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Non-major bank announces new commission structure

 

 

Non-major bank announces new commission structure

Annie Kane Comments 6
— 3 minute read

Another bank has announced that it will be updating the way it pays broker commissions from 1 January 2019.

Suncorp has confirmed that, from next year, it will change broker upfront commissions for new home loan settlements.

From 2019, the upfront will be calculated based on the amount drawn down by the borrower within five calendar days from the date of settlement net of any funds held in offset accounts, available via redraw or advanced payments.

The bank has announced that, as part of the change, it will introduce a residual upfront commission payment at the conclusion of the first 12 months where the net loan balance is greater than at time of settlement.

This will be paid in month 13 and cannot exceed the commission amount that would have been payable should the loan have been fully drawn at settlement.

The move comes as more and more lenders commit to the recommendations from the ASIC and Sedgwick reviews, which were backed by the Combined Industry Forum package of reforms.

Mark Vilo, Suncorp’s head of bank intermediaries, commented: “Suncorp recognises the integral role mortgage brokers play in giving our customers choice and helping them find a product suitable for their individual needs. We also recognise the important work the industry is doing to self-regulate and address perceived conflicts.

“Brokers are an important part of our business, and we will continue to support any changes which deliver positive outcomes for our customers and the industry.”

The change is only eligible for new home loans. Add loans, lines of credit and construction loans are excluded from the commission changes.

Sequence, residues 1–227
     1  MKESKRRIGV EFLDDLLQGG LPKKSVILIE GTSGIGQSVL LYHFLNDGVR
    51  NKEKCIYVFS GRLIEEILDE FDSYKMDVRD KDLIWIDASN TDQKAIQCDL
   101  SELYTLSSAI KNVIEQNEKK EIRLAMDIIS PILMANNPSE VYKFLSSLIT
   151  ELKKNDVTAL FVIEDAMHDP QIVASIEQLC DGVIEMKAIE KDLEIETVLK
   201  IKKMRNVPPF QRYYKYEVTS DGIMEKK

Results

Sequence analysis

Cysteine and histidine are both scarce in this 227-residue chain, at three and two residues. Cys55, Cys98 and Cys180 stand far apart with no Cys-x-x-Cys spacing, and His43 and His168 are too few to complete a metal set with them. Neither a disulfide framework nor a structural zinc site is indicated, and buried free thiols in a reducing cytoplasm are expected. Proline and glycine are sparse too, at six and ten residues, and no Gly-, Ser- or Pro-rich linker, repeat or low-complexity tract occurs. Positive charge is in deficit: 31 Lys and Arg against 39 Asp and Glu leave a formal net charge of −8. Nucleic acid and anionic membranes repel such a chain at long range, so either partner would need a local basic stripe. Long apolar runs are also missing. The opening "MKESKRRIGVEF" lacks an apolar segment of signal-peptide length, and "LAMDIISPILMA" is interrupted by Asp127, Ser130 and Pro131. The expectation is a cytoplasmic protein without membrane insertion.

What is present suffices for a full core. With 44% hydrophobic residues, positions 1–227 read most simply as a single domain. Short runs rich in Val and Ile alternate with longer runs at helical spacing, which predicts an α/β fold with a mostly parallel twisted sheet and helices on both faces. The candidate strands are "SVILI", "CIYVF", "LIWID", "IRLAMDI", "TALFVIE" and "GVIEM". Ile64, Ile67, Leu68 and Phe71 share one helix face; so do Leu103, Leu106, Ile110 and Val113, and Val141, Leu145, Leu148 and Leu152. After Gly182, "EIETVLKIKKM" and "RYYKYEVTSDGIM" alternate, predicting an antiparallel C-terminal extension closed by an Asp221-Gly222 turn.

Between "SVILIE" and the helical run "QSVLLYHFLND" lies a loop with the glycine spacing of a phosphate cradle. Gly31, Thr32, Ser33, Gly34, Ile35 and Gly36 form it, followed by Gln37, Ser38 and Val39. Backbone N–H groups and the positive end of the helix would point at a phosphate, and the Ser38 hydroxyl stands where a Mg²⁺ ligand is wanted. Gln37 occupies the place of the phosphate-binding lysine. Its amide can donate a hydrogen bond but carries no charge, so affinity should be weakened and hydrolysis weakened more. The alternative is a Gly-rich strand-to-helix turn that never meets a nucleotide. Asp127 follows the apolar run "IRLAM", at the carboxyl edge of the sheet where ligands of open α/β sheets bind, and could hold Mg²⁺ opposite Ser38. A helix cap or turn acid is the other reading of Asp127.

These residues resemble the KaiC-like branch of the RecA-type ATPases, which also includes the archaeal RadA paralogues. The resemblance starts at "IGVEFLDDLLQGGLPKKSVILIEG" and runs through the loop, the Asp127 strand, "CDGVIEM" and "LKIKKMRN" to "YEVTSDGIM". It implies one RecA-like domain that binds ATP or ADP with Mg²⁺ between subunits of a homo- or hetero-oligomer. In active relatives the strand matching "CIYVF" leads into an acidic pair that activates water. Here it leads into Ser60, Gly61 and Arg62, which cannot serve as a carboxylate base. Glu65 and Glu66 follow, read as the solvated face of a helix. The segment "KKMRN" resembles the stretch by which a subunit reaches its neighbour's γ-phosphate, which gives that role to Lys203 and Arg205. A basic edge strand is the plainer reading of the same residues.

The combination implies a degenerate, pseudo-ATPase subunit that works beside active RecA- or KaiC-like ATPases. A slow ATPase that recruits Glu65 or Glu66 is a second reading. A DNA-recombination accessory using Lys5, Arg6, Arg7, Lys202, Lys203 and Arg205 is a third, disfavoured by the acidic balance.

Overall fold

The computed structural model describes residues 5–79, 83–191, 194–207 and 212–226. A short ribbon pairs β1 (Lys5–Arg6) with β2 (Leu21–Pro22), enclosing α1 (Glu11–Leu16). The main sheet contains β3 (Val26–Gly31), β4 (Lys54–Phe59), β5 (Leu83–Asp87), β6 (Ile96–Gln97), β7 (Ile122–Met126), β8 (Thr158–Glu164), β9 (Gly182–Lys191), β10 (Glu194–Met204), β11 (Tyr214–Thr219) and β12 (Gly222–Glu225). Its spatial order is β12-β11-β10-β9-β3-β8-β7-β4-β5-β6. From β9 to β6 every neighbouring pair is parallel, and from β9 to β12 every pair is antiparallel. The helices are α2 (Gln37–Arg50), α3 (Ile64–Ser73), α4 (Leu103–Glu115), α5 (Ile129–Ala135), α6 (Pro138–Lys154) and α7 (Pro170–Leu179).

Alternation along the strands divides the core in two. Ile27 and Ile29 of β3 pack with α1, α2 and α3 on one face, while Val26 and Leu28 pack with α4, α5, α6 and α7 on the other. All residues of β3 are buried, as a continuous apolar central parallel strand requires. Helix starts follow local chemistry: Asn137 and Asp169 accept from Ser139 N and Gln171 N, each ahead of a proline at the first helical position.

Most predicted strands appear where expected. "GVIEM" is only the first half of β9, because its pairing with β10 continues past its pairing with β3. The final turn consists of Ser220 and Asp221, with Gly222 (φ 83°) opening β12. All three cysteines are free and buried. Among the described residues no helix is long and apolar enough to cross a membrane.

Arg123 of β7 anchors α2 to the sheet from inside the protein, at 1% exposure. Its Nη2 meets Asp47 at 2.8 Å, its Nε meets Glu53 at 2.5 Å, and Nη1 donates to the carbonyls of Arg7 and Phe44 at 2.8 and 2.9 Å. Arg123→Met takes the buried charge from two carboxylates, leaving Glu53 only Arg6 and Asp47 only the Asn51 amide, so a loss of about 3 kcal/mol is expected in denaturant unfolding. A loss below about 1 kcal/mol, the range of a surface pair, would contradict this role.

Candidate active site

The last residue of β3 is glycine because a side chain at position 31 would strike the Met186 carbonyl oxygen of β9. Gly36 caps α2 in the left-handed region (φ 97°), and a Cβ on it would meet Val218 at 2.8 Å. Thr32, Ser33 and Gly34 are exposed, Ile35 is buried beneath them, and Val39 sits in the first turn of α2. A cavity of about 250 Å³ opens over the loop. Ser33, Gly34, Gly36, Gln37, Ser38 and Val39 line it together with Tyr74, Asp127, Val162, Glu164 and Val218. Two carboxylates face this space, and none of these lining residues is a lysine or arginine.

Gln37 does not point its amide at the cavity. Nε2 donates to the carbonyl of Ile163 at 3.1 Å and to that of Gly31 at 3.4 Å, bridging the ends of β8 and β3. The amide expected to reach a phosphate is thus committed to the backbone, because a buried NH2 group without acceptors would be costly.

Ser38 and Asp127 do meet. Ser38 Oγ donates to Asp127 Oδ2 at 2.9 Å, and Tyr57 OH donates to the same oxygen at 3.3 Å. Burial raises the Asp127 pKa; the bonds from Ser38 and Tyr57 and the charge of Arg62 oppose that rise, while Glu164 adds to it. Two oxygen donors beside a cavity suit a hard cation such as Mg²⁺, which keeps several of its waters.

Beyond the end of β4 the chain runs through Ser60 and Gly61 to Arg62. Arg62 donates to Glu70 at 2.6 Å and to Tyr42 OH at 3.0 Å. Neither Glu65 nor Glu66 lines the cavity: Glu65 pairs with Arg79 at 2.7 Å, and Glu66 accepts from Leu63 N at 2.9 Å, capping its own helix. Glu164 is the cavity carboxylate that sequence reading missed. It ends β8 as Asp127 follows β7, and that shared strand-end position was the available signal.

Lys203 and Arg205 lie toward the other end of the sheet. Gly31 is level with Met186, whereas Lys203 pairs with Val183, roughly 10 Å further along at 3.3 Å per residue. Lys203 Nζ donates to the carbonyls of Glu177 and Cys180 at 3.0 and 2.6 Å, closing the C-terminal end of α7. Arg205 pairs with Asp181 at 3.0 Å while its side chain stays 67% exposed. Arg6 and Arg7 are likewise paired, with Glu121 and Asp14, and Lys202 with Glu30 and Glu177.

The bank has made the changes despite it outlining in its response to the interim report of the Royal Commission into Misconduct in the Banking, Superannuation and Financial Services Industry that the “introduction of a system of standardised payments to brokers” may remove incentives that “could cause bias” among brokers for lenders with higher upfront and trail commission rates.

“Brokers could be paid an industry standard percentage or fixed amount for each loan (of the same type; for example, owner-occupier or investor, lower or higher loan-to-value ratio) brokered by them irrespective of the lender,” Suncorp said.

“This would remove the possibility of brokers being incentivised to prefer the bank which paid the highest commission and instead provide a simple, transparent system of broker commissions that is easy for customers to understand.”

Further, Suncorp submitted that the introduction of “tiers or caps” in a standardised commission model could address the “problem of some brokers recommending unsuitably aggressive borrowing”.

However, Suncorp added that such a move “would need to be carefully considered in order to avoid unnecessary complexity”.

In recent weeks, Adelaide Bank, ING and MyState Bank have all announced changes to broker remuneration and all the big four banks have also committed to similar changes.

[Related: Major bank changes broker commissions]

Non-major bank announces new commission structure
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Annie Kane

Annie Kane

Annie Kane is the editor of The Adviser magazine, Australia’s leading magazine for mortgage brokers.

As well as writing news and features on the Australian mortgage market, financial regulation, fintechs and the wider lending market – Annie is also the host of the Elite Broker podcast and regulator contributor to the Mortgage Business Uncut podcast.

Before joining The Adviser team at Momentum Media in 2016, Annie wrote for a range of business and consumer titles, including The Guardian (Australia), BBC Music Magazine, Elle (Australia), BBC Countryfile, BBC Homes & Antiques, and Resource magazine.

Contact Annie at: This email address is being protected from spambots. You need JavaScript enabled to view it.

 

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